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El Vallecito
The name of this site refers to the area in which it is located.
In rocky shelters of the Sierra de Juárez, there are numerous examples of cave paintings: geometric figures, zoomorphic and anthropomorphic designs appear on the walls. During the winter solstice, a ray of light enters the cave and lights up the eyes of an image known as El Diablito (Little Devil).
About the site
The El Vallecito (“The Little Valley”) archeological site has caught the attention and awoken the interest of generations of ordinary people and researchers, who have visited it since at least the early twentieth century. It is the most northerly site that is open to the public in Mexico. Comprising 23 sites in total, it is famous for the cave paintings in the five rocky shelters that can be visited today, known as El Tiburón (“The Shark”), El Diablito (“The Little Devil”), El Hombre Enraizado (“The Rooted Man”), La Cueva del Indio (“The Indian’s Cave”) and Solecitos (“Little Suns”).

It was during the 1960s and 1970s that archeologist Ken Hedges, from the San Diego Museum of Man, California, introduced the scientific community and the world to the archaeo-astronomical phenomenon which occurs at the El Diablito site every December 21, during the winter solstice. When the sun emerges over the horizon, light pours into the cave and, minute by minute, clearly illuminates the pictorial motifs which are found there, finally converging in the center of El Diablito. Subsequently, the beams recede in almost the same way they came in, until the direct sunlight disappears almost an hour and a half after it began.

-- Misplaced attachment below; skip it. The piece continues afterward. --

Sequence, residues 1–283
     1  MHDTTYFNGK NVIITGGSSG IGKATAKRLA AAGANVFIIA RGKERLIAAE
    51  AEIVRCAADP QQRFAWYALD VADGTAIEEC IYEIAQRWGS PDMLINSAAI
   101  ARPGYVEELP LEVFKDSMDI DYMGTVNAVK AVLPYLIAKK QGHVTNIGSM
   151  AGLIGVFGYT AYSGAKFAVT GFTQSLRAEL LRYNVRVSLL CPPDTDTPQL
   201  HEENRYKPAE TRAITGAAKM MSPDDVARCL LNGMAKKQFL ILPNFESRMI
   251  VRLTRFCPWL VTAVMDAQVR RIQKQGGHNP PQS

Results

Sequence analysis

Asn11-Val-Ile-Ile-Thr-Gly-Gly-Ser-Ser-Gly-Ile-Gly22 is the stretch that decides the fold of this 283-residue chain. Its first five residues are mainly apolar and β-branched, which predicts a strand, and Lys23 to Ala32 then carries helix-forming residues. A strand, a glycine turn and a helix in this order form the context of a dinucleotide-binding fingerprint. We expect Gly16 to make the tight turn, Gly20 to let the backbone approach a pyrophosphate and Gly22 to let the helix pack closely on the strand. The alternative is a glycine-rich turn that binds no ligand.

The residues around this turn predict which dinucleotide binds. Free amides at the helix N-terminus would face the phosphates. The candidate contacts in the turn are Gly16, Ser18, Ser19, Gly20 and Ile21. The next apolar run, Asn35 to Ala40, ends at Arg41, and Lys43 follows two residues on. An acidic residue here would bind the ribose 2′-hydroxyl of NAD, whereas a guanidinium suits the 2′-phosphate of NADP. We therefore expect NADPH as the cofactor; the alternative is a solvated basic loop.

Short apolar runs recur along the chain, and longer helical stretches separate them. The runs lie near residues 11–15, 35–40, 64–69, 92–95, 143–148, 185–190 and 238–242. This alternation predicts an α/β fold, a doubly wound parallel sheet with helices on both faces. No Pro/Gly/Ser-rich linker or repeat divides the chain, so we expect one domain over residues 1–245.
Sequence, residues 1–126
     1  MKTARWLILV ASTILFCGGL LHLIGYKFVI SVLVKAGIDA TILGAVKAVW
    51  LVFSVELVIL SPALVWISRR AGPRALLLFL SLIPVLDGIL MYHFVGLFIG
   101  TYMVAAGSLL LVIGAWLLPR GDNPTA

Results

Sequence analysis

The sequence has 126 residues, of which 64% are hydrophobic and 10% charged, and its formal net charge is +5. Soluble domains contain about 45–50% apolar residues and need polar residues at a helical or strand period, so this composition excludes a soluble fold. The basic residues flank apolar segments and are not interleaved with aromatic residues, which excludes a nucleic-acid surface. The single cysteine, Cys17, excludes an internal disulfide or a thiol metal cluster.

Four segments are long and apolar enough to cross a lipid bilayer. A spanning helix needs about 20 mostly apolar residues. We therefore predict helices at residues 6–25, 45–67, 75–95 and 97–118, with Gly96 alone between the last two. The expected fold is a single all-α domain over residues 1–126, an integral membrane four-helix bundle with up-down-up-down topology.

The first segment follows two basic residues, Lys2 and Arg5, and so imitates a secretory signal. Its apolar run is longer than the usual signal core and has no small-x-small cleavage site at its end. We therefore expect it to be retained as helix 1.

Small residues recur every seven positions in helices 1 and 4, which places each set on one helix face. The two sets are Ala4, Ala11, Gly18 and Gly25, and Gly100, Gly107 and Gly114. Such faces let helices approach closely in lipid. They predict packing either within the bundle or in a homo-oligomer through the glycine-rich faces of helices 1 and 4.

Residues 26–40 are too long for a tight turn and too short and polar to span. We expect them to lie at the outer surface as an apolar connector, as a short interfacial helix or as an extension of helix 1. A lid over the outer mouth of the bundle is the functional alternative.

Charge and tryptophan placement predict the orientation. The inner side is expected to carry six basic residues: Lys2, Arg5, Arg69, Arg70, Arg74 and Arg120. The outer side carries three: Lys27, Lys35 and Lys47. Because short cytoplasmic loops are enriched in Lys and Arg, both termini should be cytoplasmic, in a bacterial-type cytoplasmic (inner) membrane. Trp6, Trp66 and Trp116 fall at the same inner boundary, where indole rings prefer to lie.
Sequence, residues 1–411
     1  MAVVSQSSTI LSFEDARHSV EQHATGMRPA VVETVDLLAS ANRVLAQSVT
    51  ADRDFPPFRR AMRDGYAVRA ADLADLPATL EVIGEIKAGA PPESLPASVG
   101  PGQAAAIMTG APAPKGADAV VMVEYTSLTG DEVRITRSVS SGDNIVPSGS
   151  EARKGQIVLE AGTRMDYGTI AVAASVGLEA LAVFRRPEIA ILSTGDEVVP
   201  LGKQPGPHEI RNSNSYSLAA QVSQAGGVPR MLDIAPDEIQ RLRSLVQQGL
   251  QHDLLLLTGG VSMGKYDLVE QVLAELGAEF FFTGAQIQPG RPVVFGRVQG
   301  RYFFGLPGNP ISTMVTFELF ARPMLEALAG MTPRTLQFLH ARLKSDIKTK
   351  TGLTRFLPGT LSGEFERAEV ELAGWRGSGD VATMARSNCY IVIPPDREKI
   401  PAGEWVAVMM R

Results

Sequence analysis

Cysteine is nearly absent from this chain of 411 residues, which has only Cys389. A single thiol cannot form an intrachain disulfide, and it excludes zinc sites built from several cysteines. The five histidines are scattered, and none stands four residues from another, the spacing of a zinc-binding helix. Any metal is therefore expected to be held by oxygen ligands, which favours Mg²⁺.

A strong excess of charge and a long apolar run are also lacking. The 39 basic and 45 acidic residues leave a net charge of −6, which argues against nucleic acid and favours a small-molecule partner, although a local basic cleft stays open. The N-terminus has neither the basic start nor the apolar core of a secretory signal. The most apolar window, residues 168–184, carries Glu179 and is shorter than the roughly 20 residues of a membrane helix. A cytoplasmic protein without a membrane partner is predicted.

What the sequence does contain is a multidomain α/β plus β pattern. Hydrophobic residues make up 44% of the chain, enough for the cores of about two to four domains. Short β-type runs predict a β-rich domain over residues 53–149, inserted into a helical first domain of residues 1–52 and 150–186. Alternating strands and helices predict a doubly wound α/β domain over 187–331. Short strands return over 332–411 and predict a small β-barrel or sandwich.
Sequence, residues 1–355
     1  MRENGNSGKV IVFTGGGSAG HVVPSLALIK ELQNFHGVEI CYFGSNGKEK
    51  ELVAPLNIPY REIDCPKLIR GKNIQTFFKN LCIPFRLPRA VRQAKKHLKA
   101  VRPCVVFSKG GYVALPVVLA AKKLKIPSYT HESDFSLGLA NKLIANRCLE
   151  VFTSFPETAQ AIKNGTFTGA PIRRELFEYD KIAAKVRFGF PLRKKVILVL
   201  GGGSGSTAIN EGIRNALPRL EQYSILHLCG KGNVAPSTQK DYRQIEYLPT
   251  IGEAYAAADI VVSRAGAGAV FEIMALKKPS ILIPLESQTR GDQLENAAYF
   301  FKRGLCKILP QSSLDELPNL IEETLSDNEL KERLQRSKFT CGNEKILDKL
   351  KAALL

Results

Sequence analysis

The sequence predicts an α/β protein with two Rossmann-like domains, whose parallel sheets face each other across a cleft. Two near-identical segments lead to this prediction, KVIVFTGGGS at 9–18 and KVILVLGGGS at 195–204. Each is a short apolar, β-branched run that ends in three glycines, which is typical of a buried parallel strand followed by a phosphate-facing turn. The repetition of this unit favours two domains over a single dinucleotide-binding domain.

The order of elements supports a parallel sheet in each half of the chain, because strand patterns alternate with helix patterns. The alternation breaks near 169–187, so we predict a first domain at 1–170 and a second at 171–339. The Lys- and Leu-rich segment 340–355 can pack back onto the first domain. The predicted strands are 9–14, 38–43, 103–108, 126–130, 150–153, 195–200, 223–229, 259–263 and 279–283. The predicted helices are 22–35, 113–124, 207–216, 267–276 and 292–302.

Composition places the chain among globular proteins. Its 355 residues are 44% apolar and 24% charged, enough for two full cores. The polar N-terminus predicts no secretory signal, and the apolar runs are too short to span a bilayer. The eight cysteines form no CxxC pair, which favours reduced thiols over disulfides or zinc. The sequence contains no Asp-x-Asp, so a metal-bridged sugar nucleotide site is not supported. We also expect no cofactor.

Given this background, other sites with cave paintings in the area began to be monitored from 2013, when the El Vallecito Archeological Project began, in order to determine if the El Diablito phenomenon only occurred there. However, for this task, it was important to first specify what an archaeo-astronomical site is. According to the archeologist Antonio Porcayo, it was defined as “a rocky cave or shelter with displays of cave paintings, where the equinoctial and solstice events are reflected at a certain time of day directly by sunlight, and indirectly by the play of the resulting shadows. This allows us to assume that this association (paintings and sunlight) was a result of a deliberate decision by their creators with unquestionable knowledge of the solar cycle, for different ritual, religious or other purposes. An archeological site with cave paintings which does not meet these conditions is not an archaeo-astronomical site.”